HENRICO, VA (WWBT) – Henrico school leaders have slammed the brakes on a hotly debated new contract proposal for school bus drivers.
Drivers wanted to keep their seven and eight hour per day contracts. School leaders wanted to take them all down to six hours because a study (which the drivers dispute) showed that's what most of them worked. The drivers said they'd have to consider quitting, then. So the board decided to scrap the whole idea.
The key phrase at this mostly empty school budget work session included just six words. "We are no longer recommending that."
"That" would be the divisive new contract for school bus drivers...who said 6-hour deals across the board wouldn't pay the drivers enough. So they organized, and rallied. And just last week, they got angry and emotional, pleading with school board members to ditch the plan...which officially happened Tuesday.
Ed Buzzelli is the Assistant Superintendent for Operations.
"Well, the board obviously had some concerns," he said.
Concerns, perhaps, that drivers like Harry Moseley would make good on a threat to look for other jobs. With that result unlikely now, Harry says it feels like a victory.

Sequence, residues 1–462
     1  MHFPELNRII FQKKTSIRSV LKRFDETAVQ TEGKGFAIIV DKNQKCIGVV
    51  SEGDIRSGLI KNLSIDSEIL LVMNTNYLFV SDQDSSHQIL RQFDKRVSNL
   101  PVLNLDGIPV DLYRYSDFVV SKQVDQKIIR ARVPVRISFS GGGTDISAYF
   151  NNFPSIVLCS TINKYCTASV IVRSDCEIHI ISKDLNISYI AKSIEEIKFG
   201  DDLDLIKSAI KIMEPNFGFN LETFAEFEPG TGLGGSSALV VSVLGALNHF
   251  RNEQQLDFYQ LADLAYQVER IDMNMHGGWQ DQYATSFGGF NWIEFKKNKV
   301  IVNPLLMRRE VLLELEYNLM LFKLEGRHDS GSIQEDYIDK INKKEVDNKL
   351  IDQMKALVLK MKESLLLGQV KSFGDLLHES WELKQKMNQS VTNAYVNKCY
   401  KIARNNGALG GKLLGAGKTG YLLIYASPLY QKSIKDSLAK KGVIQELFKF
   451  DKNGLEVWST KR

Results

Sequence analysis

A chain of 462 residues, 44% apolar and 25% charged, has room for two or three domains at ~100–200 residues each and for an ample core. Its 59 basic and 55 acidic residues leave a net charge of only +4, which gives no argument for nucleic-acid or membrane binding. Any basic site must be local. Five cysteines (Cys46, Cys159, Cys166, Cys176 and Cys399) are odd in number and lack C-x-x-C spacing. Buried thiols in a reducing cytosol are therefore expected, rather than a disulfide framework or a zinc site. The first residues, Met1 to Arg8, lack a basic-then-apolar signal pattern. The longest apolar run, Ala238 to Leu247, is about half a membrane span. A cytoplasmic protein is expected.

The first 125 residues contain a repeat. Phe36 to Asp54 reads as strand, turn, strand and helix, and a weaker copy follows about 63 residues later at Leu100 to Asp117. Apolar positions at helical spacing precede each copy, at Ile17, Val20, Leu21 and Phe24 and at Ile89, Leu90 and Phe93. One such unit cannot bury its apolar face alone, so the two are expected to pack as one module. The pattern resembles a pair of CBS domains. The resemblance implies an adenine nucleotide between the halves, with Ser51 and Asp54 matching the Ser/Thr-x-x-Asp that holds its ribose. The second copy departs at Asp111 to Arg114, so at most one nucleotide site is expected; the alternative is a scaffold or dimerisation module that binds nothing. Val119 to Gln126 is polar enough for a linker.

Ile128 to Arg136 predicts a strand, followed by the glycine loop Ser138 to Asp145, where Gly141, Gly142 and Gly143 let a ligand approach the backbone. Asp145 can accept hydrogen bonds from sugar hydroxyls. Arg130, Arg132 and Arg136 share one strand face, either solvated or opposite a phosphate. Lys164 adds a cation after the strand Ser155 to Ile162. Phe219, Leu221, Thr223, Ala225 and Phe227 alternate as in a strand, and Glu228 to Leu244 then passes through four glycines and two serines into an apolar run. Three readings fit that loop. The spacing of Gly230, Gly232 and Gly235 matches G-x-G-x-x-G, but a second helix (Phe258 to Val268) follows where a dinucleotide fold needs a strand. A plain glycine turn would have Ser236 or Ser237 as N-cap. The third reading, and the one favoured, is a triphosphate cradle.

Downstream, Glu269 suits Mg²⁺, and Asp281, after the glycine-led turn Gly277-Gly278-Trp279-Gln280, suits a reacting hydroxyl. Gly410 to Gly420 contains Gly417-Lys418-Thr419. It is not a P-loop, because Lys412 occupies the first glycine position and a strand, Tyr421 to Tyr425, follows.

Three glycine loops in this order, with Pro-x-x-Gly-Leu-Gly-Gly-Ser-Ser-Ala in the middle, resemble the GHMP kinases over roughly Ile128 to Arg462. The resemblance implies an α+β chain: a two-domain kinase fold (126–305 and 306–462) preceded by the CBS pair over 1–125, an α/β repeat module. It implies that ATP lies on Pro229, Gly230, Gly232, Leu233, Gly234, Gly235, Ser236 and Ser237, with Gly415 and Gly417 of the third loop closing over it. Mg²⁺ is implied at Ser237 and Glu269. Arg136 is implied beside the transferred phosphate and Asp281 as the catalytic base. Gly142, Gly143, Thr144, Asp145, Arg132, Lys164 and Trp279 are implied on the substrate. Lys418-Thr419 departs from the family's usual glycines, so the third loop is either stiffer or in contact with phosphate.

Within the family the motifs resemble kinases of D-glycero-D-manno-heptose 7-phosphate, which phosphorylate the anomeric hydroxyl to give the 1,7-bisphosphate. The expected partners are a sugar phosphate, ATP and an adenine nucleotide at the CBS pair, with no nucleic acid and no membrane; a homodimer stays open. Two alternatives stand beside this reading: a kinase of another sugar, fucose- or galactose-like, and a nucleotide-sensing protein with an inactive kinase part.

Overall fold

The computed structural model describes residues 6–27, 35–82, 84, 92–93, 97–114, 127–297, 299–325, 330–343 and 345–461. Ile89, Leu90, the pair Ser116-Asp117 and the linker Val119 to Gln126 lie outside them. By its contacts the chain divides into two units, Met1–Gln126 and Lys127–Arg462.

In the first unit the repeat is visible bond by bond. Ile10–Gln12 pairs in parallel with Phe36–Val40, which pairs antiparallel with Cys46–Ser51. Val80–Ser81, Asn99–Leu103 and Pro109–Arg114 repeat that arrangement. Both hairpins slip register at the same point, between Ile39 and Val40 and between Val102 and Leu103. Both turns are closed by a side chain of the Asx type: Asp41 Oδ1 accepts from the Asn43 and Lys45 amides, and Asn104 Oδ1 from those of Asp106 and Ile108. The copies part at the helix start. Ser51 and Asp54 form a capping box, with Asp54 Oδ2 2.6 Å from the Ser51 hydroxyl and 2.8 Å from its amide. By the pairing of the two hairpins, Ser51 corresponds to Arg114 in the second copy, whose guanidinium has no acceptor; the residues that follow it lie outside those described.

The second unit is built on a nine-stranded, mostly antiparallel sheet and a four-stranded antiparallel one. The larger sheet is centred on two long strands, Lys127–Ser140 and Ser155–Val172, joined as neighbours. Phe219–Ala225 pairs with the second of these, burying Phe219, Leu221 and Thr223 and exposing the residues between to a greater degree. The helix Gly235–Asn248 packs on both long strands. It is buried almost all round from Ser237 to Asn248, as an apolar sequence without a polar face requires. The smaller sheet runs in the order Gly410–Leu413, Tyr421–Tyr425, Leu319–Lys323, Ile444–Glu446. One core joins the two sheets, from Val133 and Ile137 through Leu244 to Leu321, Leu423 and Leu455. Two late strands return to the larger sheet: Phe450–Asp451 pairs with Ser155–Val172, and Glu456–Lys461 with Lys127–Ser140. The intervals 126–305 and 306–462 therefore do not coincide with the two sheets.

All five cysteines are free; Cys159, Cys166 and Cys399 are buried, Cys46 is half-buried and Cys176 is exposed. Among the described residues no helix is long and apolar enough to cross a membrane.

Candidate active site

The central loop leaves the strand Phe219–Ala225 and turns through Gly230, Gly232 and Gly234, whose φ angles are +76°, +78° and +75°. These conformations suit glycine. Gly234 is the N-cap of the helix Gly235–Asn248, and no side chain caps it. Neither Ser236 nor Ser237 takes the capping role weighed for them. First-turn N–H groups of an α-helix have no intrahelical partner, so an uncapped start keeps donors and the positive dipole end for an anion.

"So far, the only thing is, you know, we're not talking about getting a raise. We're just talking about keeping our jobs as is," Moseley stated.
The cash-strapped Henrico school district was expecting to save more than $2 million with the new bus driver contracts. Without them, the district will have to find other ways to stop the financial bleeding.
"We're really gonna take a look at the miles our buses travel through the county without students on board, and specifically, where we park our buses," Buzzelli said, a reference to deadhead miles and take-home buses for drivers.
As educators now go back to the drawing board, drivers say they're grateful.
"It's an opportunity to collectively improve," said Buzzelli.
"It's been a real grassroots thing and rewarding in that respect," Moseley added.
Among the other new ideas presented Tuesday, new hires will likely be grandfathered into the 6-hour contract, and the district will hire a few more part-timers to fill shifts.
Overall, Henrico County Public Schools faces a $26 million budget hole, which will be filled largely through attrition. The school board is expected to approve the spending plan this Thursday.